Whether you're a jazz fan, or simply a music fan, or someone interested in the study of addiction and addictive behavior, or someone interested in the minute details of being locked up behind bars and what really goes on in jail/prison, this book is a must read. When you finish it you'll probably see the world a bit differently, having seen it through Art Pepper's eyes for awhile.

You've just got to read this book. I usually only review CDs. That's how much of an impact "Straight Life" made on me. I just had to share how I felt about it. The only other book I think I've reviewed is Chuck Negron's "Three Dog Nightmare" which is a similar story to Art Pepper's. But that book is about a pop star in one of the most successful groups of all time. As good as that book is, and I highly recommend it, I feel this book is even better.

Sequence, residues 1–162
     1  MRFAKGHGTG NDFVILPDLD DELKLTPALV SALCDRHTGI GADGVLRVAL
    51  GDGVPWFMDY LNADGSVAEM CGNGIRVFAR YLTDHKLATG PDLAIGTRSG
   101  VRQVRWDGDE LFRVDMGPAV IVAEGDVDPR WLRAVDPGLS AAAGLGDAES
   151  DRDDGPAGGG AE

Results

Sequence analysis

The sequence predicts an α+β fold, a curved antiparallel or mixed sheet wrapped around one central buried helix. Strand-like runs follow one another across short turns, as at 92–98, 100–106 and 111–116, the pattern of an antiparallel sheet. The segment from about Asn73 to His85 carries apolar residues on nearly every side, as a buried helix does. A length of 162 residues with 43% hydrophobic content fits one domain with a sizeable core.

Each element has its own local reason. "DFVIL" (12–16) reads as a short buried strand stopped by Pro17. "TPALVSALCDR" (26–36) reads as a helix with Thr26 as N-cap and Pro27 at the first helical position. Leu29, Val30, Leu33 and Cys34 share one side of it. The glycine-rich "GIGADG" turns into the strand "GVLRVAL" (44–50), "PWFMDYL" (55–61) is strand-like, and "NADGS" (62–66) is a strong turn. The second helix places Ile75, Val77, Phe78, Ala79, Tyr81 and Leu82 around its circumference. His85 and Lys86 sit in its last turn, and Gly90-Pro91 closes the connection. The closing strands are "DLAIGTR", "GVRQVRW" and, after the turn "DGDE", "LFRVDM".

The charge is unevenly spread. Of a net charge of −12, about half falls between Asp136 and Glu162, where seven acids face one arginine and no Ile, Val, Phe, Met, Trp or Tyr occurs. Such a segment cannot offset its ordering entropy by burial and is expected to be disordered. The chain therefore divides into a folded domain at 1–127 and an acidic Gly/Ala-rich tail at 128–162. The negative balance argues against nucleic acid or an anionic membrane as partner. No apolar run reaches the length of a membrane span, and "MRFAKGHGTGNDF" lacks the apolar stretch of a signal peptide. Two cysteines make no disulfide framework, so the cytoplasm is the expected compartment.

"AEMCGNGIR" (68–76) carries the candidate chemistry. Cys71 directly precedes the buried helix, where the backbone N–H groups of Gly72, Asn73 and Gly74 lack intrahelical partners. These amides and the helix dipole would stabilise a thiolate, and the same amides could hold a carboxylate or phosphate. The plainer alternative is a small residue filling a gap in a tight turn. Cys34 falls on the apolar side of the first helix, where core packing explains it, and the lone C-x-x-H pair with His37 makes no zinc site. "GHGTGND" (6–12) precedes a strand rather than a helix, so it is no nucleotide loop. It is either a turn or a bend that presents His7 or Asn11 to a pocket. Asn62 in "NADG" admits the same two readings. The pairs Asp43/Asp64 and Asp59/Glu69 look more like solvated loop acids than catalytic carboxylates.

Amazon needs more stars for items that are truly extraordinary. Straight Life is just that. It's impossible to put down. Though the book is the autobiography of a brilliant though totally destructive jazz musician, it's much more than that. It also provides incredible insights on how talented members of society can destroy their lives by getting caught up in a never ending quest for etheral satisfaction. Pepper never wanted to come down. He sought the "high" no matter how many times he went to prison, counseling, or acknowledged he had a major problem. After what appeared to finally put him on the right path, his years at Synanon, he went right back to the "fix." Art Pepper still managed to leave a substantial legacy of brilliant music. But, again, this book makes you wonder what so many others likewise addicted to drugs and/or alcohol might have made of their lives and contributed to society. Savor this immensely compelling and instructive book. Please.